Sunday, June 15, 2014

The Current Baathist-Islamist Alliance Refutes the Anti-War Theory that Saddam Hussein’s Iraq Would Never Have Allied with Al-Qaeda

           One of the many arguments used by opponents of the Liberation of Iraq was to minimize or dismiss the terrorist threat to Americans from Iraq’s Baathist regime of Saddam Hussein was that the Baathists, whom the war opponents refer to as “secular,” were unlikely to cooperate with al-Qaeda or other Sunni Islamists because of political or religious ideological differences.  However, the recent reports of cooperation between Sunni jihadists, who had been affiliated with al-Qaeda, and former Baathist regime members disprove this anti-war argument.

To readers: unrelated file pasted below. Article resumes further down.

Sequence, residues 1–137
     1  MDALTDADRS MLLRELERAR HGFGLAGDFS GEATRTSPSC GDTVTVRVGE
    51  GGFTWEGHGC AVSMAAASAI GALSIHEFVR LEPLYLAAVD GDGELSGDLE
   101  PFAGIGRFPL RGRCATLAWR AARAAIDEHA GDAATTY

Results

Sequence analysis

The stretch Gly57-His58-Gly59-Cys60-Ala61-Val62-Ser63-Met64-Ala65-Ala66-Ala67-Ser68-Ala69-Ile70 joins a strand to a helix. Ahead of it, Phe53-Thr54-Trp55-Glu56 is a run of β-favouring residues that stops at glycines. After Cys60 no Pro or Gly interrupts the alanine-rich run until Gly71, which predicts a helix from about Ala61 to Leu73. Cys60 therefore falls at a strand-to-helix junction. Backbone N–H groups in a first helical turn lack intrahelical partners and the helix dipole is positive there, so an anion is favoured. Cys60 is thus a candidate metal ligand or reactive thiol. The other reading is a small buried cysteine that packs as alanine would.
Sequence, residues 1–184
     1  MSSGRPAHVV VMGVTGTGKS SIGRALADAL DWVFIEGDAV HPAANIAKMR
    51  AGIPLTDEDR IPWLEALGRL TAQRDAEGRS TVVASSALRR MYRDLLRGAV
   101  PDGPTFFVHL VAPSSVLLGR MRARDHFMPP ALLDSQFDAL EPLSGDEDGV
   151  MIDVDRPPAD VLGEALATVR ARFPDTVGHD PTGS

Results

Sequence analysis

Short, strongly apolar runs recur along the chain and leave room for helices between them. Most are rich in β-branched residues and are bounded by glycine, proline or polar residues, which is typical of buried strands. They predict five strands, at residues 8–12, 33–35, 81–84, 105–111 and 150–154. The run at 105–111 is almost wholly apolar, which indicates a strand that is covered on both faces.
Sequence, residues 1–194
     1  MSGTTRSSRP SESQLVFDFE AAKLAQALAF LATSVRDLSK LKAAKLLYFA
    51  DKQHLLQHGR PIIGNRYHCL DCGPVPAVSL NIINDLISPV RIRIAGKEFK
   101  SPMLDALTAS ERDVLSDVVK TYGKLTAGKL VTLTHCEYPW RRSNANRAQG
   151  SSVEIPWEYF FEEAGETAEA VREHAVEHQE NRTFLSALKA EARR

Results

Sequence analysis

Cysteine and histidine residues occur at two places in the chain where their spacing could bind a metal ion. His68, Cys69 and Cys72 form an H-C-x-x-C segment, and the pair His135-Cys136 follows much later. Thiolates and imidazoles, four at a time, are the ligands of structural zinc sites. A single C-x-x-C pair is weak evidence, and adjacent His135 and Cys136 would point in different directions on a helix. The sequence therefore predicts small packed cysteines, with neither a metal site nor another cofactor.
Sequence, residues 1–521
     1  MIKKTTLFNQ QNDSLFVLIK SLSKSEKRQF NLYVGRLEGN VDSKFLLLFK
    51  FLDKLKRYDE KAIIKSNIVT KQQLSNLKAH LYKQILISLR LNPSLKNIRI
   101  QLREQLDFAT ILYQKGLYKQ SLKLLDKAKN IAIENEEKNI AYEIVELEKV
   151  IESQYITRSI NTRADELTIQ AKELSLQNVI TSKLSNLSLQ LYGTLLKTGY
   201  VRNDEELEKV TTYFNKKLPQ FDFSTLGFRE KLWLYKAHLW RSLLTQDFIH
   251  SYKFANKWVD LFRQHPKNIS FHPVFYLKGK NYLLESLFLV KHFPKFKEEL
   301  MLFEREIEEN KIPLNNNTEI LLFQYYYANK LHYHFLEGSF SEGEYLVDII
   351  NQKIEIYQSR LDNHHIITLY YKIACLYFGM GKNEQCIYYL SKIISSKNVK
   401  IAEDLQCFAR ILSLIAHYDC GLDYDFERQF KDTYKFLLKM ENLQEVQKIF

Before the Liberation of Iraq in 2003 by the United States and its allies, some of the opponents of the war had raised the possibility of terrorist strikes against Americans or its interests in retaliation for attacking Hussein’s Baathist regime, which openly sponsored terrorism, as a reason not to go to war.  During the war, after no such attacks occurred, these anti-war critics reversed their argument and minimized or dismissed Iraq as a terrorist threat.  Some of these critics of the War on Terrorism or other American policies of self-defense justify terrorism, which is the targeting of violence toward innocent civilians, as an emotional or rational response to those foreign policies they, like the terrorists, oppose.  However, terrorism is neither emotional, nor rational and is never justifiable.  It is evil.  Apparently, the opponents of liberating Iraq did not explain why terrorists would oppose the overthrow of Hussein’s regime by the Americans and its allies if they thought it did not matter to their Islamist objectives.  The fact that many militant jihadists, including a significant number affiliated with al-Qaeda, entered Iraq to fight the Americans, their allies and the new Iraqi regime, only proved the Islamists’ strategic interest in preventing Iraq from enjoying representative government that respects the liberty of its people and is an ally of the U.S. in the War on Terrorism.